Alfred Rosmer

Moscow in Lenin’s Days: 1920–21


Source: New International, Vol. XXII No. 2, Summer 1956, pp. 133–135.
Transcribed & marked up: by Einde O’Callaghan for the Marxists’ Internet Archive.

The Kronstadt Uprising

The discussion was prolonged. The Party Congress was about to meet when the Kronstadt uprising broke out. The news was terrifying and, at first, unbelievable. Was it possible that Kronstadt, the most flaming hearth of the October Revolution, had risen against the Soviet Republic?

Even the leaders of the Party were taken by surprise. We were dismayed. As was always the case, when difficulties and dangerous circumstances arose, the Central Committee sent Trotsky to Petrograd, ready to charge him with responsibilities for what was not of his doing. [1]

It was necessary to study and learn the exact character of the movement, especially of its causes – some of them were obvious. Kronstadt of 1921 was no longer the Kronstadt of 1917. The removal of the Soviet government to Moscow had drawn off a large number of militants and the civil war many others. The working class quarters had filled their quotas. Petrograd of the October insurrection, Petrograd which had lived through every stage of the Revolution seemed to be a capital without spirit and had fallen from its position of eminence.

Zinoviev was in charge here. But he was completely incapable of efficient administration. Besides, he was now engrossed in the work of the Communist International and its sections. The city and the surrounding region were adrift while the condition of the workers and the organization of production were neglected to the point where strikes had broken out. Petrograd’s location at the extremity of the country was the greatest obstacle to supplying it with food when Russia was cut off from the outside world. Its position, advantageous in peacetime, left it completely exposed in war.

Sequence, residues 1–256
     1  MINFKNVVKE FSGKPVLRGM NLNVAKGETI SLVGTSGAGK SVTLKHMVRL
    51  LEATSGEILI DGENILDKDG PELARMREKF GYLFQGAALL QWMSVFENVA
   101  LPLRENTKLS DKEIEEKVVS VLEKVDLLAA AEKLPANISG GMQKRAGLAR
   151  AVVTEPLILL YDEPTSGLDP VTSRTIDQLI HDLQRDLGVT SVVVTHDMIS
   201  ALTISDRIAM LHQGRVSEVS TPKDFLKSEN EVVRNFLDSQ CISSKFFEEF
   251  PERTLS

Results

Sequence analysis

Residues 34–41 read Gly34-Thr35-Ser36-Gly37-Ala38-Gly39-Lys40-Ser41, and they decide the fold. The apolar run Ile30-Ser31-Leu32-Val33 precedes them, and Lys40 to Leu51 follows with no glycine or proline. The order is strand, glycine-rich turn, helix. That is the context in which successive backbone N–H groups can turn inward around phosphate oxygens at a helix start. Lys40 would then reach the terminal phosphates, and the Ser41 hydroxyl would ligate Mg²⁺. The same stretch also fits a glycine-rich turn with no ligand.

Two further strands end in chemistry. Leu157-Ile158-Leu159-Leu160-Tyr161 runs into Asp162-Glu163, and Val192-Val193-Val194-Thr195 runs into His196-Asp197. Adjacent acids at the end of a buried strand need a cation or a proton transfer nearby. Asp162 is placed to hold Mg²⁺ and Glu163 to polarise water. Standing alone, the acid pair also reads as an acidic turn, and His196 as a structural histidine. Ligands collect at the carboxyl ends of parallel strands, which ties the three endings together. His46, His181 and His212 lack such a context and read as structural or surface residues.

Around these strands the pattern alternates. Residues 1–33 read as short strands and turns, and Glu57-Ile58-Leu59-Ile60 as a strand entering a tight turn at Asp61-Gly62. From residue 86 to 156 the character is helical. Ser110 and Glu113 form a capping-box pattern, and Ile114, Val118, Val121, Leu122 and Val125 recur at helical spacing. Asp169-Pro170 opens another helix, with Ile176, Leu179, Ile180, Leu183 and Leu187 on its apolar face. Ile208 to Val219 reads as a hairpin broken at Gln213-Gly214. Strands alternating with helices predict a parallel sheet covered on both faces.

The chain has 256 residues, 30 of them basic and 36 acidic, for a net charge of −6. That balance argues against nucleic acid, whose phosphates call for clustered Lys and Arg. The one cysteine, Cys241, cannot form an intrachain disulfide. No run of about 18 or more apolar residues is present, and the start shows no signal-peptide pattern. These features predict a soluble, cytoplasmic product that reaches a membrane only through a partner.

It was normal for counter-revolutionary elements to take advantage of the situation. Their role was to stir up discontent, exacerbate grievances, and influence the movement. It is not easy to give the exact origin of the slogan “Soviets without Bolsheviks” but it was effective in rallying everybody around it. All the enemies of the regime, especially the Socialist-Revolutionaries, the Cadets, the Mensheviks, were so eager to take revenge that we may be pardoned for believing that they were the source of the slogan.

The propaganda they carried on around this demand influenced the sailors and soldiers, most of them young recruits from the countryside who were deeply moved by the bitter complaints in letters from their families angered by the party leaders. Writing a year later “on the anniversary” of the event, Andres Nin, who the whole of the preceding year was in Soviet Russia and had the opportunity to make inquiries and corroborate what he learned, arrived at the same explanations and reached the same conclusions.

The opponents of bolshevism have explained their thesis in several brochures, usually by anarchists. We find it again in what I believe is the latest published in 1948 by Ida Mett, Editions Spartacus, under the title The Kronstadt Commune, Bloody Twilight of the Soviets. The title clearly reveals the author’s conclusions but he states that his only purpose in writing this work was to establish the historic truth of the tragic event. Did he succeed ? He recognizes that elements are still lacking for a definitive analysis, short of access to the archives of the Soviet government and the Red Army However, he reprints and comments on many important documents; but there are many contradictions in the evidence and evaluations to which he refers, the source of which is primarily partisan and clearly hostile to the Bolsheviks.